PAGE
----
Friday evening would be the first session followed by extensive dinner followed by drinks. I had been doing it for so long, and attracted the same bunch of people, so it was actually a reunion with beer. One weekend I met Frank Gadbois, then Librarian at Lakenheath Airbase. There was a delightful American couple from Frankfurt who taught at the American School there , and a woman who organised secretarial services at the House of Commons (“Crooks the lot of them…”).

The clientele was different anything else I had encountered, sensible, thoughtful and appreciative. In my second year, I came across Beryl and Bob. The latter sat in the audience drawing frantically, occasionally pausing to laugh maniacally and swear fruitily.

Saturday’s programme started with a long breakfast helping yourself. Kippers, toast and coffee. An early session followed, say "Cotman and the Japanese Print", which would take us to lunch after which we dispersed into town either singly or in groups. The evening session might be a little tougher, "The Abstract Landscape say". It was generally agreed that the session only went up to 9.30pm when I would be escorted into the Bar and everybody bought me drinks, before Match of the Day.

One evening Beryl and Bob piled the table with crisps `and my pint glass. Beryl warned me about Bob’s drawing. She said she had dragged him along to get him away from the studio, and he enjoyed these outings watching me. Bob was Bob Godfrey the animator (IKB and Roobarb and Custard), and somewhere in his oeuvre. he told me. there was a portly gesticulating pontificator striding the platform and making a prat of himself.

On my last visit to Madingley I fell in with  the sort of Taxi Driver from Hell, last seen in "After Hours", wild eyed and opinionated. Even before we had left the city he was extolling the virtues of Adolf Hitler in dealing with inflation.  By the time we were rolling up the gravel drive, he was talking about a sex change operation where the penis was cut into two. I hurried to get out, and disturbingly, he refused to accept payment because I had been such a sympathetic listener. As he drove away, I felt a sense of relief that was instantly curtailed when I saw  against the skyline a dozen soldiers with Armalite rifles at their hips. They looked at me balefully and motioned me into reception.

“It’s our mystery guest…” said my usual, “the Prince’s Room and a bottle of whisky at the bedside.”

I unpacked a bag with pyjamas, carousels of Surrealism/Dada, and I was assured my credentials had not been challenged so far. My regulars were agog. During the first session, one of them was given the job of looking though the door at all movements. A dozen men in uniform made their way unsteadily into the next teaching room. With my gracious permission, several of the young MOTAs pressed their ears to the walls, agreeing whoever they were the soldiers were pretty sozzled the lot of them. About ten o'clock , just as my pints were being lined up in the Bar, a solitary figure could be heard walking down the corridor, to tremendous applause from the Sozzled.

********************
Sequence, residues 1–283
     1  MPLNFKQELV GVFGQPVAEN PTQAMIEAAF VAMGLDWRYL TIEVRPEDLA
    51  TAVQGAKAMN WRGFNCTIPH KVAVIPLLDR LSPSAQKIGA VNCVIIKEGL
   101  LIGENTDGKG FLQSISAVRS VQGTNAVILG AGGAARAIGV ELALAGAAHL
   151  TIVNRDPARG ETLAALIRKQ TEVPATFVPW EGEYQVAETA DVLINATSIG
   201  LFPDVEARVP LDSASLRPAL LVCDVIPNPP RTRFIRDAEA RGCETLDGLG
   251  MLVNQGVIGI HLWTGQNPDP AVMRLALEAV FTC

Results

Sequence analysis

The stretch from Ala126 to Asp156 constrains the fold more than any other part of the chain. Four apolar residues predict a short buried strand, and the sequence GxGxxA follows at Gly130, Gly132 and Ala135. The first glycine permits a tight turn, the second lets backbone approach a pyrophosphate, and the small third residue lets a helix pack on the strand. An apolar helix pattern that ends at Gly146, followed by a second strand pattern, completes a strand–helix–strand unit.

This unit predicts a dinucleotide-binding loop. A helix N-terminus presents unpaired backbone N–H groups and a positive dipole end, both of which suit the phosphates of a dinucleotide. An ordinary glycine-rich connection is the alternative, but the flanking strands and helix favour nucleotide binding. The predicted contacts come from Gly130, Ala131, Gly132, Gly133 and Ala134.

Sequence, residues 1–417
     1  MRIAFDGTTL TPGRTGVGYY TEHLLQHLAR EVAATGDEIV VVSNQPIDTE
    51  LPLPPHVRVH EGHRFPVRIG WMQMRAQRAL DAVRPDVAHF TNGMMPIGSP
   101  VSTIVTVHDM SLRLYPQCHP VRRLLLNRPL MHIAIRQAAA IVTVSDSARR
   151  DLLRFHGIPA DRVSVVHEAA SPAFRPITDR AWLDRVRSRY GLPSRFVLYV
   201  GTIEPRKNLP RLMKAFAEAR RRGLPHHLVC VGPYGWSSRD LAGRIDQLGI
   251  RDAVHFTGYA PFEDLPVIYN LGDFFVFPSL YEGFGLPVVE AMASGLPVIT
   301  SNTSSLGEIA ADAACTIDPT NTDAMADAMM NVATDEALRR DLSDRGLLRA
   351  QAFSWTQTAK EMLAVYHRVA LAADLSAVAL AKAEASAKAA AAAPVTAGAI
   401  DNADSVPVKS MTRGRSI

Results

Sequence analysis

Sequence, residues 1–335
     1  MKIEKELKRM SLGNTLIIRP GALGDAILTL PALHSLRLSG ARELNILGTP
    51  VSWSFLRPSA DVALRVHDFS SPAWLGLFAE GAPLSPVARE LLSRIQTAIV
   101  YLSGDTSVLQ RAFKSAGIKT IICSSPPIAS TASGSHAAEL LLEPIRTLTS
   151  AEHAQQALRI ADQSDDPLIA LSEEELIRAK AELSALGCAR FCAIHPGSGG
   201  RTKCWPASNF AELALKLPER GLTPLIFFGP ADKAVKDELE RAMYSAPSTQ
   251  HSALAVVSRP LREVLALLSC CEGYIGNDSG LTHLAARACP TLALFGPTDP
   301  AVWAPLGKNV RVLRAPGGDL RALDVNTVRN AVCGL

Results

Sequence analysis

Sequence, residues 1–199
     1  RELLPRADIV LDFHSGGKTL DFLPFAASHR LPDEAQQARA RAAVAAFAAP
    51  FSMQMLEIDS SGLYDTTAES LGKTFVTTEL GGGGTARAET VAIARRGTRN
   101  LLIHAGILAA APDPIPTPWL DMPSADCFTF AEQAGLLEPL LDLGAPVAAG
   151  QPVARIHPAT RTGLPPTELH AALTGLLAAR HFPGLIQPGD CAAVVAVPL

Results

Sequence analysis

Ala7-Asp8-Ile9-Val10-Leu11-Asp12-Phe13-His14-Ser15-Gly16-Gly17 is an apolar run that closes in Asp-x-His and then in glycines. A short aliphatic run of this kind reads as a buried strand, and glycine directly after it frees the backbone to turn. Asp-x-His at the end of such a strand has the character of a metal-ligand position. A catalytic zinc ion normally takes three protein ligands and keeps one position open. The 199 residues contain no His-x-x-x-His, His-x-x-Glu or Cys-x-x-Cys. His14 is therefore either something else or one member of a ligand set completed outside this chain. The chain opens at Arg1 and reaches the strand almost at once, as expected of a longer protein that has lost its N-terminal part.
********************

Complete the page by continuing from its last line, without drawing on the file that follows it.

At breakfast, the secret was out. Enoch Powell, then a Unionist member for a Northern Ireland constituency, had come to address the War Lords on the subject of Ulster and the suppression of the Foe. I breakfasted with a group of army officers interested in what I was doing, and keen to foulmouth “the Cousins” who had just screwed up in the Lebanon. To them, Enoch was a wise old uncle. Several of the more enterprising of my lot crept into their teaching room and managed to nick a placement which was sent (for cash) to "Private Eye".

If I have given the impression of pride in achievement, I feel at this stage I must balance it with failures that live with me to this day. Hundreds of lectures have failed to connect, and I have died the death of Max Miller’s act at the Glasgow Theatre Royal. I have taken a group of American students round Ham House without knowing a single fact about it. I have lost slides and blown bulbs. At Madingley I realised that Goya’s "The Blind Man" appeared the wrong Way round. Rather than correct it in the machine, I tried to bluff my way onwards, despite a gentleman in the front row insisting it was back to front. “I’ve seen it Chris, and it is the wrong way round.” Still I dugdeeper the hole. “Ah, but this is the little known companion piece…” which seemed  to satisfy the rest of the group. “Then why does it say AYOG?.....”  My default was then to say. like Captain Mannering, “I was wondering which one of you would have spotted that!”